At this point, I add a few breakfast and lunch related purchases to the bottom of my list: lunch meat, milk, eggs, juice, snacks, etc. Just things that we’ll need over the next few weeks for breakfast and lunch (that is, if there aren’t leftovers.) I also give us an allotment for fruits and veggies (say, $25 for a week.) Sometimes we go over that amount, but it’s nice to have a rough estimation of what we’d like to spend.

When I’ve finished the meal plan, don’t judge me, but I totally reorganize my shopping list by where things are found in the store. If you’re good “seat-of-your-pants”ing it at the grocery store, go for it!  But when I have my son with me, my brain power is focused less on my list and more on keeping him happy, so the easier I can make it, the more likely it is I’ll stick to it.

Sometimes my meal plan gets changed around and I make meals on different days than expected, but, for the most part, we stick to it. The important part for us is that we have the ingredients for meals for the next two weeks set aside and ready to use.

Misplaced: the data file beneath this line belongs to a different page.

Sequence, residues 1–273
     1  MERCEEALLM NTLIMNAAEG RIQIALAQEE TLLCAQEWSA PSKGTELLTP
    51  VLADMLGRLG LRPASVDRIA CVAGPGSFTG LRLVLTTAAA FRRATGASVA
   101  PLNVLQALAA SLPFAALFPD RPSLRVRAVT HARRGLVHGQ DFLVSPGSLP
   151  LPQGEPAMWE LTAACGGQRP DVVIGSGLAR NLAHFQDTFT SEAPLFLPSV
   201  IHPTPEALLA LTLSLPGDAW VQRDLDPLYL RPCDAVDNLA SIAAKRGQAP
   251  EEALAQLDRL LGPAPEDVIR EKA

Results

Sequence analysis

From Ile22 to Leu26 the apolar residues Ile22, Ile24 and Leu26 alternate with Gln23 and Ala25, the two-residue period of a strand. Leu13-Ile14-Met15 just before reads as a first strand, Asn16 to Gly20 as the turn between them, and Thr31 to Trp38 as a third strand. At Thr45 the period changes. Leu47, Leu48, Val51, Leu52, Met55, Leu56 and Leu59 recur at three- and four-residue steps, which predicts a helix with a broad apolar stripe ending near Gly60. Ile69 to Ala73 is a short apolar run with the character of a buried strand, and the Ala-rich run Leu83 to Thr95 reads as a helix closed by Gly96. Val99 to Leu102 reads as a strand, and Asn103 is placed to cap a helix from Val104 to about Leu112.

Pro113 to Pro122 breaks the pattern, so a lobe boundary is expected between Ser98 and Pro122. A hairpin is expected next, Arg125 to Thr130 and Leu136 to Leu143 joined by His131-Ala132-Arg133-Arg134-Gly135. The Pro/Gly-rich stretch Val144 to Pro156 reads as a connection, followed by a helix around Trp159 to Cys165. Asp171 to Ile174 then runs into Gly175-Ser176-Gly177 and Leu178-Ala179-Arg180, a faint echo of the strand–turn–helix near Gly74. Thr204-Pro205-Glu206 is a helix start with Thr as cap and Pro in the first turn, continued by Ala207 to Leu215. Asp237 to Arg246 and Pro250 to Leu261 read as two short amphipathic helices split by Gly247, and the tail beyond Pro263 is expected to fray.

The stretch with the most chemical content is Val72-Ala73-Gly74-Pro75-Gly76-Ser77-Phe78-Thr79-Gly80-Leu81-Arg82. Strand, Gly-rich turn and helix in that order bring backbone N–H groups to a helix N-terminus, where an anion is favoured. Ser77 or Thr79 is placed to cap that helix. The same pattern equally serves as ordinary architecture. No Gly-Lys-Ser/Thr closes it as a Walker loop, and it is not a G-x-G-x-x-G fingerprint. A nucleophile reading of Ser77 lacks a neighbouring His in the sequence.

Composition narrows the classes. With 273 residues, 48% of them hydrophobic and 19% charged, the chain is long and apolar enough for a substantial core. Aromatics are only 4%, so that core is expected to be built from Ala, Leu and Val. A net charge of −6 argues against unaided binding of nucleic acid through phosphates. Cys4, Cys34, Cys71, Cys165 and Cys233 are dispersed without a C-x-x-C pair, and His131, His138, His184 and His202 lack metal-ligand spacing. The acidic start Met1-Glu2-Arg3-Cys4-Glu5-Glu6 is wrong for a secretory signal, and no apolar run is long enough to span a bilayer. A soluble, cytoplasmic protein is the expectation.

Meal planning is an amazing way to save money and have less stress when dinner time comes.

Also, I want to mention an awesome resource for meal planning as a law enforcement family!  My friend Rebecca at Proud Police Wife has put together a meal planning e-bundle for law enforcement families, and it’s awesome.  Super detailed instructions, good resources for new recipes, printables, and she even offers printable stickers available to track when your officer is working! Be sure to check it out 🙂

This is amazing. I HATE the idea of meal planning... but just planning dinner for the week sounds a lot more doable than breakfast/lunch/dinner/snacks/drinks/etcetctetc. I need a little flexibility still buuuut we need to figure out something to lower our grocery bill.